Bull trout fry are relatively secretive. They emerge from the gravel in early spring (mid-April to mid-May), and their favorite habitat is the shallow edges of streams, especially in areas of large, loose gravel and cobble where they use the spaces between the rocks to hide. There is some evidence that newly-emerged fry do not fill their swim bladders until about three weeks after emergence. Instead, they stick close to the bottom and spend much of their time in the gravel. The delay in filling the swimbladder is probably an adaptation that prevents them from being transported downstream until they are large enough to take up a feeding site. They tend to be most abundant in side-channels and small pools with slow moving water and are often associated with rocks and woody debris that slow the water and provide cover. They seem to stay in these areas at least until late fall (October).
As they grow, their color lightens, they develop their characteristic light lateral spots and spend less time on the bottom. They still remain, however, in the lower 25% of the water column. They are not overtly aggressive, but they seem to prefer certain holding sites, consistently returning to them after feeding forays. If another individual takes up the holding site while the original owner is on a feeding foray, the intruder usually is evicted when the original owner moves immediately upstream of the site and then drifts back into the space held by the intruder. Occasionally the original owner will approach the intruder head-on and, more rarely, may nip the intruder.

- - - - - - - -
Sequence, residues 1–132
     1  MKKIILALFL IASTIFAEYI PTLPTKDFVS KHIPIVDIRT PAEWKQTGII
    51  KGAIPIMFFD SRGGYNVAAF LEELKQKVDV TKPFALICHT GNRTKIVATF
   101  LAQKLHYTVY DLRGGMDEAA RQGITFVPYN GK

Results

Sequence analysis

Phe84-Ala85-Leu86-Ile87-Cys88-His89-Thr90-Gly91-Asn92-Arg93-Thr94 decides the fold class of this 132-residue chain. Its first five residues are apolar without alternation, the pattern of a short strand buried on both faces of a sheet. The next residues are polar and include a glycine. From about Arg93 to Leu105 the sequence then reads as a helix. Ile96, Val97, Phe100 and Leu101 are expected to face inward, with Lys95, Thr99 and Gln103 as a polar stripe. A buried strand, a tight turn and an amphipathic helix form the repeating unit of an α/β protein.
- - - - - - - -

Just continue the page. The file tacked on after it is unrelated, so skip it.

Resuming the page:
Fry eat mostly aquatic insects (off the bottom or in drift) and only rarely catch terrestrial insects. By mid-September, they have gained 1.5 inches in length. The major predators of bull trout fry include rainbow trout, brook trout, and larger bull trout. Ducks and great blue herons also prey on bull trout fry.
The degree of homing (spawning adults returning to their place of birth) is probably variable in bull trout (most likely related to stream size and stability). To the extent that it does exist, it is probably during their time as fry that bull trout imprint on their natal streams. Detecting odors and other stimuli from their surroundings prepares them for the eventual return to the spawning grounds.